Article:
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the microsampling blog

microsampling automation of hemaPEN for TDM of tacrolimus

As more institutions onboard microsampling, the need to automate the handling and extraction of samples is increasing. In this blog we review an article by Caroline Monchaud et al at the CHU Limoges, France that was published in the May 2023 issue of the Journal of Chromatography B.

The paper discusses a successful analytical validation of hemaPEN® blood samples that was achieved for an automated extraction method for tacrolimus measurements using a Shimadzu CLAM-2030® and LCMS-8060®. The hemaPEN device is based on a volumetric microsampling technology that delivers 4 identical dried blood spot (DBS) samples.lightbox-hemapen-solo-3-xtr-brit-1-1

Why automation?

Clinical chemistry laboratories are busy places. In many cases, they are processing thousands of blood tubes per day – each containing roughly 5-7 mL of wet blood – for the measurement of a huge variety of analytes, including cardiac and liver panels, electrolytes, drug levels, and more.

Much of the workflow within these laboratories is fully automated, employing barcode scanning that ensures sample identification, from initial sample processing through to the preparation of serum before being sent via conveyor belts (sometimes referred to as "streets") to analyzers. The analyzers utilize techniques such as spectrophotometry, immunoturbidimetry and chemiluminescence immunoassay (CLIA). The data from these instruments is then automatically reported into data systems for review.

A class of molecules which are measured using CLIA are calcineurin inhibitors. These therapeutic drugs are immunosuppressants, which are used in combination with other therapies for graft protection in transplant patients. Although CLIA is used in laboratories for measurement of calcineurin inhibitors, another popular (and sometimes preferred technique), is LC-MS/MS.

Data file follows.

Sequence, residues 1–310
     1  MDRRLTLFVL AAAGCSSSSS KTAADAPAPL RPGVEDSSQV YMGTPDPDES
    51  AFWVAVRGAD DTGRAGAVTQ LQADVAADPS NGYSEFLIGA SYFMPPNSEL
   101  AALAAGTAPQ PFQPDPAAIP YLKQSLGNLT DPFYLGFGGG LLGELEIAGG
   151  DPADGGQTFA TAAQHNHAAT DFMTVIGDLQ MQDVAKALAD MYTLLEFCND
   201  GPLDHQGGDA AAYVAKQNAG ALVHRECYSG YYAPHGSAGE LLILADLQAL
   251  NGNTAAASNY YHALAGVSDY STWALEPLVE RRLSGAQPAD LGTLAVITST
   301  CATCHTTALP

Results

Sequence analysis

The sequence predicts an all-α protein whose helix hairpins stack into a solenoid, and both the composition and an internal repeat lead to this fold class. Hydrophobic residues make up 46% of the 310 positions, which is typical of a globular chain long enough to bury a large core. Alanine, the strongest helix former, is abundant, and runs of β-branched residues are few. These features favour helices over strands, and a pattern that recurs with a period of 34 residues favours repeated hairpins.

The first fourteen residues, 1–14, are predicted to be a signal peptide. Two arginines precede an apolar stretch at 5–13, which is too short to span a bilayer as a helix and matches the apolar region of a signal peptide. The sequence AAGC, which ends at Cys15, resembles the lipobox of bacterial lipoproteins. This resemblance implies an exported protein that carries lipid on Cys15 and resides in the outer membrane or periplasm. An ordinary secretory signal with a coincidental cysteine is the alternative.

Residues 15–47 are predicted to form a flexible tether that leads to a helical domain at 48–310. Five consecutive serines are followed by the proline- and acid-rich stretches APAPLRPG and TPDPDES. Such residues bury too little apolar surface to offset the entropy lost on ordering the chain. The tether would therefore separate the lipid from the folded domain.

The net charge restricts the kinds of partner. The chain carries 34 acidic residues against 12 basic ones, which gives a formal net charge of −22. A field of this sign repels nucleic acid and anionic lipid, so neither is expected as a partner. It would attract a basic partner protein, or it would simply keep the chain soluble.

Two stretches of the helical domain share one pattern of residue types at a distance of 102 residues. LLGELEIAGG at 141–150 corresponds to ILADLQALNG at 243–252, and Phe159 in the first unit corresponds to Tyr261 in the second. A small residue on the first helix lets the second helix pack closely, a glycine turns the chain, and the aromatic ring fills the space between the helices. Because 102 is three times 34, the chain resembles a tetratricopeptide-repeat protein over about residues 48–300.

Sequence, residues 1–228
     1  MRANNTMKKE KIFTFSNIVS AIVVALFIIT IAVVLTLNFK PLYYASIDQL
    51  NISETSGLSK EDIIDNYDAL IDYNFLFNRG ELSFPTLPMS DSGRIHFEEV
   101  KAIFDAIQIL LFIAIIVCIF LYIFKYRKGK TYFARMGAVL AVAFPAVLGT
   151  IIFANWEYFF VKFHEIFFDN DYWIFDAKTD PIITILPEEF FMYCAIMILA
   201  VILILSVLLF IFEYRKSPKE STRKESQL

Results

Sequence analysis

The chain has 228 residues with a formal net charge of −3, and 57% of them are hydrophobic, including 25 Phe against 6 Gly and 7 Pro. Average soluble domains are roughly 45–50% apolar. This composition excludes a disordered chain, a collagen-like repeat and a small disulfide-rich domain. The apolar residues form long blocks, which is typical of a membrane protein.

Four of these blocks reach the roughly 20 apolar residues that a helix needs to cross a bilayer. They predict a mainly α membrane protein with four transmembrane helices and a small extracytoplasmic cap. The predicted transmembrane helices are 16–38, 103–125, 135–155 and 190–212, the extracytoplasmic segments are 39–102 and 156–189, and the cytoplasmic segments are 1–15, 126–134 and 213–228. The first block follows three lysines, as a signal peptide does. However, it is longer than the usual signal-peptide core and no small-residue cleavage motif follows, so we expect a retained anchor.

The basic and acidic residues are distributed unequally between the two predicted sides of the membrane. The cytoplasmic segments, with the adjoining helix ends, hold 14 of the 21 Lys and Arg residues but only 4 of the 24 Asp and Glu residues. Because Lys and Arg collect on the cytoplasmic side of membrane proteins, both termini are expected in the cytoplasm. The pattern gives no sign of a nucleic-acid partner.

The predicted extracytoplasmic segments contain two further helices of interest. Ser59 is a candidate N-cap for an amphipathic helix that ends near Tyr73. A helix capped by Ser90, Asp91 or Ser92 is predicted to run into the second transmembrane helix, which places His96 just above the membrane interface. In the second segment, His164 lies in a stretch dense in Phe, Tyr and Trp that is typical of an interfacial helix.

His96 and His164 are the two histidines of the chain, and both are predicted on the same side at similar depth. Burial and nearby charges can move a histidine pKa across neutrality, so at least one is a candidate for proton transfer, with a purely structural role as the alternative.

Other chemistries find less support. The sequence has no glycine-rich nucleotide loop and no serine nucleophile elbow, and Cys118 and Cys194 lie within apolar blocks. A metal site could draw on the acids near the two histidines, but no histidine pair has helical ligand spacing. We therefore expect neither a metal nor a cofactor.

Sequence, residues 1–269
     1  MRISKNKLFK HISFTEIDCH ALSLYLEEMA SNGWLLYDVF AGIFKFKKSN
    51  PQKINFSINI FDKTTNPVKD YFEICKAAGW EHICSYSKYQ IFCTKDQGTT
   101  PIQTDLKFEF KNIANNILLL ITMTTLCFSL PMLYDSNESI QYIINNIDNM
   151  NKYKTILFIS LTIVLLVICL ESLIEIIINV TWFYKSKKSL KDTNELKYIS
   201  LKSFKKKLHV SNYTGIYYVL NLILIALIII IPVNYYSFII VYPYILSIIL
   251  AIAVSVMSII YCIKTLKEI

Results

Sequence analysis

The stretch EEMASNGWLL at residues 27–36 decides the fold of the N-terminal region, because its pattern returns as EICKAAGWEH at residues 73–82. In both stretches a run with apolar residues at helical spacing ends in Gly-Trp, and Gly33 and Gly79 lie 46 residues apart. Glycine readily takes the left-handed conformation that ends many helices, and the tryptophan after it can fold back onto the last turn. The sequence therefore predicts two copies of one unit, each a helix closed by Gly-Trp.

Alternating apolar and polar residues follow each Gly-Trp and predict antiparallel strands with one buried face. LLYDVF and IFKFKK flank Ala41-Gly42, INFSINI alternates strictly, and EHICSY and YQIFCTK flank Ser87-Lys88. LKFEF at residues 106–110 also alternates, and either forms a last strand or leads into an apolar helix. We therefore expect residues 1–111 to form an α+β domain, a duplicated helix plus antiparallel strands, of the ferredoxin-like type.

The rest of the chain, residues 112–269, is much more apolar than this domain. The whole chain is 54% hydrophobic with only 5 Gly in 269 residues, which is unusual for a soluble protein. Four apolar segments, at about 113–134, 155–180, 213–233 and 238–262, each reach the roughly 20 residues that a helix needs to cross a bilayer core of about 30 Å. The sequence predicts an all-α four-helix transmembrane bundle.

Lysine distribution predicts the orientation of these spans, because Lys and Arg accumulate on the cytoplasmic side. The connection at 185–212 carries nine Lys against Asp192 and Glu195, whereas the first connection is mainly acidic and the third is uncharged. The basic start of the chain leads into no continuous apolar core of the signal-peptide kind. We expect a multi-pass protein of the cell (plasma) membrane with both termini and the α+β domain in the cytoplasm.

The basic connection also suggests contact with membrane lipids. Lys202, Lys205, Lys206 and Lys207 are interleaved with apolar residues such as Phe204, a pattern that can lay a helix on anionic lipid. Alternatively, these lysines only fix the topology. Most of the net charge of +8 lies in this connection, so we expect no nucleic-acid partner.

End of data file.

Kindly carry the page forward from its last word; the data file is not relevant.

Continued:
Automation Challenges for LC-MS/MS

Unlike many CLIA analyzers, LC-MS/MS instruments are not fully automated. This often leads to manual sample preparation of blood samples in many laboratories. This is not only time-consuming, but care must be taken to ensure human errors are eliminated in handling and processing the blood samples.

It is hoped that fully automating samples for LC-MS/MS will help minimize errors and free up laboratory technicians for other tasks. Indeed, there are several automation options available for processing blood samples for LC-MS/MS. These include parallel 96 well processing stations as well as serial preparation and direct inject configurations.

Another automation solution, a CLAM-2030 (innovated by Shimadzu), is a fully automated module for sample preparation for biofluids such as blood, urine, and plasma. Like a standard clinical chemistry analyzer, the CLAM-2030 can accept blood tubes and automatically prepare the samples for analysis by LC-MS/MS. At the time of writing, the CLAM-2030 is a research use only product.

Automation Challenges for Dried Blood Samples